Domestic Violence amidst a Pandemic: It includes “non-violent” behaviors too.

Counseling & Coaching0 comments

Photo by Sydney Sims on Unsplash

When you ask people to describe what domestic violence is, most will say it involves physical violence of some sort (i.e. hitting, slapping, kicking, shoving).  But what most people don’t realize (including therapists), is there’s a number of other areas that are included in domestic violence also known as intimate partner violence (IPV), where the victim is never touched.

Now more than ever, as we are in the midst of a pandemic, the public needs to be aware of what domestic violence is as rates have surged due to stay at home protocols that limit a victim from accessing shelters and escaping an abusive home and relationship.

According to the NCBI, domestic violence reports have dramatically increased during the Covid-19 pandemic with countries such as France indicating a 30% increase, Brazil up 40-50%, with China noting DV reports have tripled compared to a similar time frame prior to the Coronavirus outbreak.

Here in the United States, reports have surfaced with abusers keeping their victims in fear by preventing them from washing their hands as a means to increase their fears of contracting the virus and threatening them from accessing medical treatment if they were to contract the virus.

In understanding DV, we should keep in mind that domestic violence is a pattern of abusive behavior used by one partner to gain or maintain power and control over another intimate partner (past or present). Domestic violence can be physical, sexual, emotional, economic, or psychological actions or threats of actions that influence another person.

Unfortunately, in our society and the media coverage surrounding domestic violence, it seems only horrendous acts of physical violence get any publicity, thus many citizens remain ignorant of how DV can still occur without the perpetrator laying any hands on the victim.  DV of this sort where there are no visible accounts of physical violence occurs periodically in my work as a therapist in the realm of domestic violence evaluations and parenting evaluations for court-ordered, high conflict family law cases).

What’s essential for all parties is the recognition and awareness of the full breadth of domestic violence.  Below are some questions that can help you or someone you know gauge whether they’re a victim or perpetrator of intimate partner violence.

DV questions

  • Has your partner used force against you? (Have you….against your partner?)
  • Has your partner pushed, shoved, grabbed, shaken you? (Have you … against your partner?)
  • Has your partner restrained you, block your way, pinned you down? (Have you … against your partner?
  • Has your partner hit you? (Have you … against your partner?)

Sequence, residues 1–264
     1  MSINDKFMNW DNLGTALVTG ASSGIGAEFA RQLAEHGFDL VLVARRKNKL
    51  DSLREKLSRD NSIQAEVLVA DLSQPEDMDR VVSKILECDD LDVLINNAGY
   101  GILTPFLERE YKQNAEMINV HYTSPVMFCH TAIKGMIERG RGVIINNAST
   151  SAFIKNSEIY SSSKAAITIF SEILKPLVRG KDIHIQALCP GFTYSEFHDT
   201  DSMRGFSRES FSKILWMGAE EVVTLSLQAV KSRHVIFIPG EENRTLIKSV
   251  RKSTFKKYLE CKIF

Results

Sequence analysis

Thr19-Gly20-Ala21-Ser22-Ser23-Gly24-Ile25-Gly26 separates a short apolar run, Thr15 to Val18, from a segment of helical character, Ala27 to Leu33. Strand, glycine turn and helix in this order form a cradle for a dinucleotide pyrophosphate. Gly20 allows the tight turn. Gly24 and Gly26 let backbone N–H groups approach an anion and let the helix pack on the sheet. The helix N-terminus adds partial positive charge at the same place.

• Has your partner choked you? (Have you … against your partner?)
  • Has your partner assaulted you physically in any other way? (Have you … against your partner?)
  • Has your partner physically forced you to have sex in a way or time you did not want (i.e. unsafe sex, not allowing for birth control, etc.)?  (Have you … against your partner?)
  • Has your partner threatened to use violence(or has used violence) against the children, family, others or self? (Have you … against your partner?)
  • Has your partner attacked property or pets? (Have you … against your partner?)
  • Has your partner stalked harassed or intimidated you in any other way? How does your partner frighten you? (Have you … against your partner?)
  • Has your partner humiliated you?  In what ways has your partner emotionally hurt you, called you names, or put-downs does your partner use against you?(Have you … against your partner?)
  • Does your partner attempt to isolate you (i.e. isolation from friends, family, social support)? (Have you … against your partner?)
  • Attempt to control your time and/or activities (jobs, schooling, hobbies, etc.)? (Have you…against your partner?)
  • Does your partner follow you, listen to phone calls, or open mail? (Have you … against your partner?)
  • Has your partner tried to control you through money, if so how? (Have you … against your partner?)
  • Does your partner use the children against you, if so how? (Have you … against your partner?)
  • Has your partner taken or threatened to take them, or interfered with your care of the children? (Have you … against your partner?)
  • Has your partner ever threatened to report you to CPS? (Have you … against your partner?)

If any of these apply to you as a victim, you may consider seeing a therapist or seeking more information through local resources devoted to domestic violence prevention (i.e. local law enforcement task force, social service clinics, DV shelter, etc.)

If you feel you may be a perpetrator, there are resources devoted to helping you gain insight into your behaviors with the goal of change.  The work in our therapeutic field is never to blame or shame anyone for their situation but to offer hope and healing, especially when children are involved as their emotional and psychological health must be protected as well.

Leave a Reply

Follow by Email